Brokers have 1 year to comply with Regulation Best Interest

This new investment advice standard raises the bar above the current suitability model

The Securities and Exchange Commission (SEC) voted 3-1 last month to put in place new standards for broker-dealers and investment advisers. Brokers will have until June 30, 2020, to comply with the centerpiece of the package — “Regulation Best Interest.”

What does the reform package include?
The primary piece of the reform package is Regulation Best Interest (or Reg BI), which SEC chairman Jay Clayton says raises the broker standard beyond the current suitability model.

The other three parts of the package are:
• Form CRS, a relationship summary that is meant to help investors understand the differences between brokers and advisers.
• A reaffirmation of the fiduciary duty of conduct for investment advisers.
• An SEC interpretation of language that allows brokers to avoid registering as advisers – and being fiduciaries – if the advice they provide is “solely incidental” to their work and includes no special compensation.

The rules will become effective 60 days after their publication in the Federal Register. The compliance deadline for Reg BI for brokers is June 30, 2020.

What does Reg BI entail?
In a nutshell, Reg BI imposes an enhanced standard of conduct on broker-dealers when they provide recommendations to retail customers regarding a securities transaction or an investment strategy involving securities. Under Reg BI, a broker-dealer must act in the retail customer’s best interest and cannot place its own interests ahead of the customer’s interests. The final rule makes clear that this new standard of conduct applies to account recommendations, including a recommendation to roll over assets from a workplace retirement plan account to an IRA.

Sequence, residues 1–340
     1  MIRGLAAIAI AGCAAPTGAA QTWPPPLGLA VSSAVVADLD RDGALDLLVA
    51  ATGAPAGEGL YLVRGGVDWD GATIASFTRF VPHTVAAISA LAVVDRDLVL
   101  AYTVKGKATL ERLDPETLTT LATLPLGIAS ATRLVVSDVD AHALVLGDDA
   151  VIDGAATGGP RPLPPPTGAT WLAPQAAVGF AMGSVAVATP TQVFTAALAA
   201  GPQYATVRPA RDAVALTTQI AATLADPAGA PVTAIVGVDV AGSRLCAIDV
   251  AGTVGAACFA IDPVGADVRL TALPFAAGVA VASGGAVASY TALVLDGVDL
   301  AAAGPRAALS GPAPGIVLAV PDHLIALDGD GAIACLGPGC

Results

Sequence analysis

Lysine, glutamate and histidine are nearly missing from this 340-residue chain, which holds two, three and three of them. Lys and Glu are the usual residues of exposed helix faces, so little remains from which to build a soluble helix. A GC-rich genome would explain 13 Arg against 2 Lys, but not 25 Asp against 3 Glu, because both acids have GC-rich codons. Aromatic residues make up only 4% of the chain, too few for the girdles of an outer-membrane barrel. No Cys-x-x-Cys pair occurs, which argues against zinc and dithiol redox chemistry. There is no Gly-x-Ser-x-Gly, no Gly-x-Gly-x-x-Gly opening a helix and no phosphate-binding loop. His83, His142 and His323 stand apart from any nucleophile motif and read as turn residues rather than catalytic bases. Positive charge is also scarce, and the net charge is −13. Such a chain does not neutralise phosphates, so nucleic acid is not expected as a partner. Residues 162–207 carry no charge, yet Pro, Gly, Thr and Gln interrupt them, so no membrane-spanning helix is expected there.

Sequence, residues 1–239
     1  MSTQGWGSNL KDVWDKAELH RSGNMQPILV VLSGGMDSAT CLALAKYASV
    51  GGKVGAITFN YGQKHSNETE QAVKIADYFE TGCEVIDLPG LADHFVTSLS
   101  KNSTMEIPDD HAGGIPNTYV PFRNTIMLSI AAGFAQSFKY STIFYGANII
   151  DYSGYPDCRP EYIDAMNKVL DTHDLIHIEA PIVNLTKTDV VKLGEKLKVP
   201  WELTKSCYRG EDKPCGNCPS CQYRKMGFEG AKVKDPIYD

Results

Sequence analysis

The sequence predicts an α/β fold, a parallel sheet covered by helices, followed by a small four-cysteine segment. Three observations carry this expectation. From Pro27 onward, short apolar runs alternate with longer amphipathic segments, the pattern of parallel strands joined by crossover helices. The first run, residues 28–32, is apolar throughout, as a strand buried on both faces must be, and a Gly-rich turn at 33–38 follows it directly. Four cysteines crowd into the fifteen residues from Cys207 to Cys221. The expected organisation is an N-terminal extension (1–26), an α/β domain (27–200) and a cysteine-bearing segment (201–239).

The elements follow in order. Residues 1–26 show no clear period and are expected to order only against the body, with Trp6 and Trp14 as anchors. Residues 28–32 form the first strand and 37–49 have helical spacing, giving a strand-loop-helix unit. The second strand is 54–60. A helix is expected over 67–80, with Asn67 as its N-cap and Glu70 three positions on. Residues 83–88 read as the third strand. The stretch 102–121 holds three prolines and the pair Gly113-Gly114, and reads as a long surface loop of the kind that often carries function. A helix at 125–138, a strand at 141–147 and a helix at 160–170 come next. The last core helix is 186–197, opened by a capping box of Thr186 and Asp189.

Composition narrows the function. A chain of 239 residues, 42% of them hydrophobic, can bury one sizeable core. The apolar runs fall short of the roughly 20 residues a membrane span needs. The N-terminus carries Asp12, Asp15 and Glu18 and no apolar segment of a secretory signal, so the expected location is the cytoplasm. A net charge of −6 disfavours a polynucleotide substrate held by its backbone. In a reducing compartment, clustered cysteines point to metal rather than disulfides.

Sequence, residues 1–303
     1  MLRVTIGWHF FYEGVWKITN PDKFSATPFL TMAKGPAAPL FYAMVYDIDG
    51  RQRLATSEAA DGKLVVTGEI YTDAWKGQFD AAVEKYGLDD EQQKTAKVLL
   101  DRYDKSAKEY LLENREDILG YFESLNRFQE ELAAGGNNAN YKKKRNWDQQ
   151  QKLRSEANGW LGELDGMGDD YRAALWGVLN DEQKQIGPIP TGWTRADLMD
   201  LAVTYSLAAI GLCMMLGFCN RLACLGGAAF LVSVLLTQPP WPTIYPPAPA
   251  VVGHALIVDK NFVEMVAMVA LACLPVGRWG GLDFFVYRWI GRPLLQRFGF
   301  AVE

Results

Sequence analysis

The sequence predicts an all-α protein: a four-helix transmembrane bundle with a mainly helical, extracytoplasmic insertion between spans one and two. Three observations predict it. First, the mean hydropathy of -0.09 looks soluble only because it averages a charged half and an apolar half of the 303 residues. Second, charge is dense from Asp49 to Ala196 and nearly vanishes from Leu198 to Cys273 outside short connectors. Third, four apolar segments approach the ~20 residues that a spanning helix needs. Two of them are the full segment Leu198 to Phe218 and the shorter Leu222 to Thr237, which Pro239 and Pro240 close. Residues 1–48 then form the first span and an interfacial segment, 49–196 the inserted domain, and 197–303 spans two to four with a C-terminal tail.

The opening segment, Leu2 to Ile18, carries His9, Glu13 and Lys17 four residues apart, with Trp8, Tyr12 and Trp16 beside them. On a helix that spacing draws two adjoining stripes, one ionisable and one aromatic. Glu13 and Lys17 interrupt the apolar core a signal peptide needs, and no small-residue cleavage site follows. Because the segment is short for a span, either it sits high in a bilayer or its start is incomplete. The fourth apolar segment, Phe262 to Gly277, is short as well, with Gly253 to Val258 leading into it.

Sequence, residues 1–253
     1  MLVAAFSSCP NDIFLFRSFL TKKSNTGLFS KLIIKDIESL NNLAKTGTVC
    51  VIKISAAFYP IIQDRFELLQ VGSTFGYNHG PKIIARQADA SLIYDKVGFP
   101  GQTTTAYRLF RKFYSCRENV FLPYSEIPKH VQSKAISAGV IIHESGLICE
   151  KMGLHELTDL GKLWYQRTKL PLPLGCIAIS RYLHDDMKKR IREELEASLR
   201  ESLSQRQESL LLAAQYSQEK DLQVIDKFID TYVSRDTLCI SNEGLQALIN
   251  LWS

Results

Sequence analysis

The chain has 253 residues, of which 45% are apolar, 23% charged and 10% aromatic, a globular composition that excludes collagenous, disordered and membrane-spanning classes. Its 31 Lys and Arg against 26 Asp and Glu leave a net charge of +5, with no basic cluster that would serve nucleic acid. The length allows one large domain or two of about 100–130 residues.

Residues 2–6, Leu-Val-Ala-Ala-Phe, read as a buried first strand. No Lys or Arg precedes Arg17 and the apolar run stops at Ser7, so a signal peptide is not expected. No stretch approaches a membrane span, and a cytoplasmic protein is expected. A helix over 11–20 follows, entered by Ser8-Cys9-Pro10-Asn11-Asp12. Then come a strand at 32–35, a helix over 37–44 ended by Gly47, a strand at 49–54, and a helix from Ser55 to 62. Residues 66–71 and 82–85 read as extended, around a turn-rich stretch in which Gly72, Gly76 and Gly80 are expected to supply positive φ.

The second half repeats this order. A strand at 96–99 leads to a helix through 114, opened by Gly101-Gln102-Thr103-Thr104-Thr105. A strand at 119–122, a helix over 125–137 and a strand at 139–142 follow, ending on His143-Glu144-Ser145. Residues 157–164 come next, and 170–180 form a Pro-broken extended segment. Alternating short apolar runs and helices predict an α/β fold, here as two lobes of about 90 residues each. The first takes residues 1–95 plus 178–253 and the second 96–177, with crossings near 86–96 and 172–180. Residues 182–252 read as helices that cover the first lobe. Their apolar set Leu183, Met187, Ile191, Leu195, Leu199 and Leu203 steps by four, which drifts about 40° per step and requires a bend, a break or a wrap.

To meet the new standard, broker-dealers must meet four obligations: disclosure, care, conflict of interest, and compliance.

Disclosure. Before or at the time of the recommendation, a broker-dealer must disclose, in writing, material facts about the scope and terms of its relationship with the customer. This includes disclosure that the firm or representative is acting in a broker-dealer capacity; the material fees and costs the customer will incur; and the type and scope of the services to be provided, including any material limitations on the recommendations.